The Smartphone That Can Diagnose Diseases in Minutes
A portable smartphone lab which is being developed at the University of Cincinnati in Ohio has the potential to rapidly diagnose diseases through its custom-made app.
But how does it work? The patient puts a single-use plastic lab chip into their mouth whilst plugging the chip into a slot in the smartphone lab. The phones app will then use its accessory to test the saliva for viruses and diseases. The chip uses natural capillary action to draw a sample down two channels. One channel mixes the sample with freeze-dried detection antibodies. The other contains a freeze-dried luminescent material to read the results when the split samples combine again on three sensors.
The results can be reviewed within a matter of minutes as the device automatically transmits the results to the patient’s doctor via the smartphone app, providing an almost instant diagnosis.
Although it’s still in development, in a recent study published in Microsystems & Nanoengineering, representatives from the University of Cincinnati have said that the device can test for HIV, Lyme disease or health conditions like depression and anxiety.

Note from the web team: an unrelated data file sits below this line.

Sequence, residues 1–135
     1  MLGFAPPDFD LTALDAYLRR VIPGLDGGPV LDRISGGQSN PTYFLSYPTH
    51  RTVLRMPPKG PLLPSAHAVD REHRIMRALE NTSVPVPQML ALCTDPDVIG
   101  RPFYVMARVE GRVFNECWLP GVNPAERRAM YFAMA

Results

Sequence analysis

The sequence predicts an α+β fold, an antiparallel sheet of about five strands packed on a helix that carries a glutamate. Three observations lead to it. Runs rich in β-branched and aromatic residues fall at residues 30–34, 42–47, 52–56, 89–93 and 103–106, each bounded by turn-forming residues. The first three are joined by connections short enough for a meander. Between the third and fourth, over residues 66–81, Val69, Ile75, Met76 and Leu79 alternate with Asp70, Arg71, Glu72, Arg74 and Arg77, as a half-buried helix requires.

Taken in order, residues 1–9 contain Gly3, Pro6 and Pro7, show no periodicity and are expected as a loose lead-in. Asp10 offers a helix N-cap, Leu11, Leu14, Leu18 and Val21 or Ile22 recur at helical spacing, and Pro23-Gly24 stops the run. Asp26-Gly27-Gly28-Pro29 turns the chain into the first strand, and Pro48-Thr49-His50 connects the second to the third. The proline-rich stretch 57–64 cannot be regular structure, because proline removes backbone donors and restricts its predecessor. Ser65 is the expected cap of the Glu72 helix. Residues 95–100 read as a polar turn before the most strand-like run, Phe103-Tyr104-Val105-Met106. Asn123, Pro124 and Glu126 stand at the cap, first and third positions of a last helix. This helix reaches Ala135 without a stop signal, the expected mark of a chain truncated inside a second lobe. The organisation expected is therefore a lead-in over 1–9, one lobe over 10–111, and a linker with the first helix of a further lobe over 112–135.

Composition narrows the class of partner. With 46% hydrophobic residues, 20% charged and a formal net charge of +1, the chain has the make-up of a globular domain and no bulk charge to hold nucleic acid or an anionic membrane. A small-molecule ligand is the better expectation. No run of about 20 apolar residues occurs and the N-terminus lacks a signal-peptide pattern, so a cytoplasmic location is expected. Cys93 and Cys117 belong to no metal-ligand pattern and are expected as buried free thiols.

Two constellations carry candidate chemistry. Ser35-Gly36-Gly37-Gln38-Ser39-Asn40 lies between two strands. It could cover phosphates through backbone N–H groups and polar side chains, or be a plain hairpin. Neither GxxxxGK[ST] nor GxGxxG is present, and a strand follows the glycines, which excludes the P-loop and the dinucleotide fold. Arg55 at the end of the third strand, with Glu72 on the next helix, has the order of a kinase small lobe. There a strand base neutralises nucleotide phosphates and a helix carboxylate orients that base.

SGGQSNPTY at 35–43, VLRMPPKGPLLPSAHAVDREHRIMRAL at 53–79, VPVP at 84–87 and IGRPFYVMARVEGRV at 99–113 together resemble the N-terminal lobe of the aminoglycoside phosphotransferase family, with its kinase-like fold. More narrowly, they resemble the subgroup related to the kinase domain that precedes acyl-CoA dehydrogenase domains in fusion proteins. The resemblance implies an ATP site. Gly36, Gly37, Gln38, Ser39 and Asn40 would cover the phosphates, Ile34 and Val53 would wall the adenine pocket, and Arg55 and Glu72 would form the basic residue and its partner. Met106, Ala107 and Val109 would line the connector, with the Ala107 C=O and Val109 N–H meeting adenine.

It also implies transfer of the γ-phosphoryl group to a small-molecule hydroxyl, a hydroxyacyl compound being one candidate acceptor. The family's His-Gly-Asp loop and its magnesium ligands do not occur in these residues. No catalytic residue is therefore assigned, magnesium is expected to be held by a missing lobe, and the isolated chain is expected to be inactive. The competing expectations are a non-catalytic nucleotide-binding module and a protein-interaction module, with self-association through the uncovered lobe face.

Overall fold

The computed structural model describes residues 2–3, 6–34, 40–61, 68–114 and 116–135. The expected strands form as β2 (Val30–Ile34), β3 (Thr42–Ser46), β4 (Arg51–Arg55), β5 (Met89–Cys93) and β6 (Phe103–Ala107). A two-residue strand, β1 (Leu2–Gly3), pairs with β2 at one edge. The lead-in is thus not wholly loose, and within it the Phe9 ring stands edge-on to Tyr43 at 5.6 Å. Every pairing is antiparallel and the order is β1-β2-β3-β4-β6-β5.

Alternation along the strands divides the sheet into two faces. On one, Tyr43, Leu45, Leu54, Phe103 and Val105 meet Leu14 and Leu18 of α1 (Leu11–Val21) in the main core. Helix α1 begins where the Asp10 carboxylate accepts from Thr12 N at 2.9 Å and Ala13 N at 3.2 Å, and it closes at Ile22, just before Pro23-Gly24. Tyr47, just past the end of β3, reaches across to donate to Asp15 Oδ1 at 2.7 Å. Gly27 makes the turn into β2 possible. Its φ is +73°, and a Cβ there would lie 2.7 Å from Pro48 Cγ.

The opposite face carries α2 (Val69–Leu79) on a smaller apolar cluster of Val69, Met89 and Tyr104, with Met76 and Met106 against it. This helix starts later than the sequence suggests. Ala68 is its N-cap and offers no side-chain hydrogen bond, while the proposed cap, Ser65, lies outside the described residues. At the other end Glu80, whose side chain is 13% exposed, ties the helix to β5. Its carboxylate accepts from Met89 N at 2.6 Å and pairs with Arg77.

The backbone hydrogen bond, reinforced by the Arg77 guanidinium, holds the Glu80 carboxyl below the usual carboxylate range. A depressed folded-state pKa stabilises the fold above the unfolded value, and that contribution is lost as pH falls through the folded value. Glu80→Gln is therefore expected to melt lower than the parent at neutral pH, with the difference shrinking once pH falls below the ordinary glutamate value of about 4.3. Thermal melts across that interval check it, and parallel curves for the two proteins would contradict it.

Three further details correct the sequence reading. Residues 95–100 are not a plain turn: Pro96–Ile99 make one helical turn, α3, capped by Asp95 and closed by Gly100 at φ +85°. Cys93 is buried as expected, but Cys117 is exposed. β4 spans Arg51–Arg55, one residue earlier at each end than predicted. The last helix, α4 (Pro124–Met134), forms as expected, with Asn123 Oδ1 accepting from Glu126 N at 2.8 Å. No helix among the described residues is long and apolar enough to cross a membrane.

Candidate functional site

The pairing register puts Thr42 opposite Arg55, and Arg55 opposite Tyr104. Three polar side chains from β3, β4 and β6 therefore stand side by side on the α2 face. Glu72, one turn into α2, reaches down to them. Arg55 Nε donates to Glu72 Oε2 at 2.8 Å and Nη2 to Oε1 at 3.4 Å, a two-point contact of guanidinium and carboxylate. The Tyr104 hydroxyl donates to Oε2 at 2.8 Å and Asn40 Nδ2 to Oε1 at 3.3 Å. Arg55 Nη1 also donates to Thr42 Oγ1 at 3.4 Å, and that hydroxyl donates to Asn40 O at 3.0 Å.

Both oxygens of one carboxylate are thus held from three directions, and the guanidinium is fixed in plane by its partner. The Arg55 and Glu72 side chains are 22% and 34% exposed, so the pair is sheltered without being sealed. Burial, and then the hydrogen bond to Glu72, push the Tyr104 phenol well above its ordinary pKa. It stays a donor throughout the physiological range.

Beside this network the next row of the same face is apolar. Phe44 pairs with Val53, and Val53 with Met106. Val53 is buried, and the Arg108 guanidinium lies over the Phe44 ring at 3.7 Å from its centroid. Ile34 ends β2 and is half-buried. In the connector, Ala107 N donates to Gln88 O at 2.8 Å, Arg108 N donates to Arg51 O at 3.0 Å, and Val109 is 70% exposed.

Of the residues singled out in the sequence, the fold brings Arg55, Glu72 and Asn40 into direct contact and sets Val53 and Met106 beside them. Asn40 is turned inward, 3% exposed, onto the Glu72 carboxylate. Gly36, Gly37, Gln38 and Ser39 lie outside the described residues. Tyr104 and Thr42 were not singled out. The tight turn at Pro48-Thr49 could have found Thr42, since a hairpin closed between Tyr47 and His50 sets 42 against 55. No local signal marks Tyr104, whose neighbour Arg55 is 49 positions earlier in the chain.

Professor Chong Ahn, from the UC and his research team, used the smartphone device to test for malaria, but it is claimed the device could be used for smart point of care testing for countless chronic or infectious diseases or to measure hormones related to stress.
“Right now, it takes several hours or even days to diagnose in a lab, even when people are showing symptoms. The disease can spread.”
“The performance is comparable to laboratory tests. The cost is cheaper. And it’s user-friendly,” Ahn added. “We wanted to make it simple so anyone could use it without training or support.”
UC doctoral student Sthitodhi Ghosh, the study’s lead author, said the biggest advancement in the device is in the novel design of its tiny channels that naturally draw the sample through the sensor arrays using capillary flow.
“The entire test takes place on the chip automatically. You don’t have to do anything."
Ghosh claimed that this device could be the future of personal healthcare.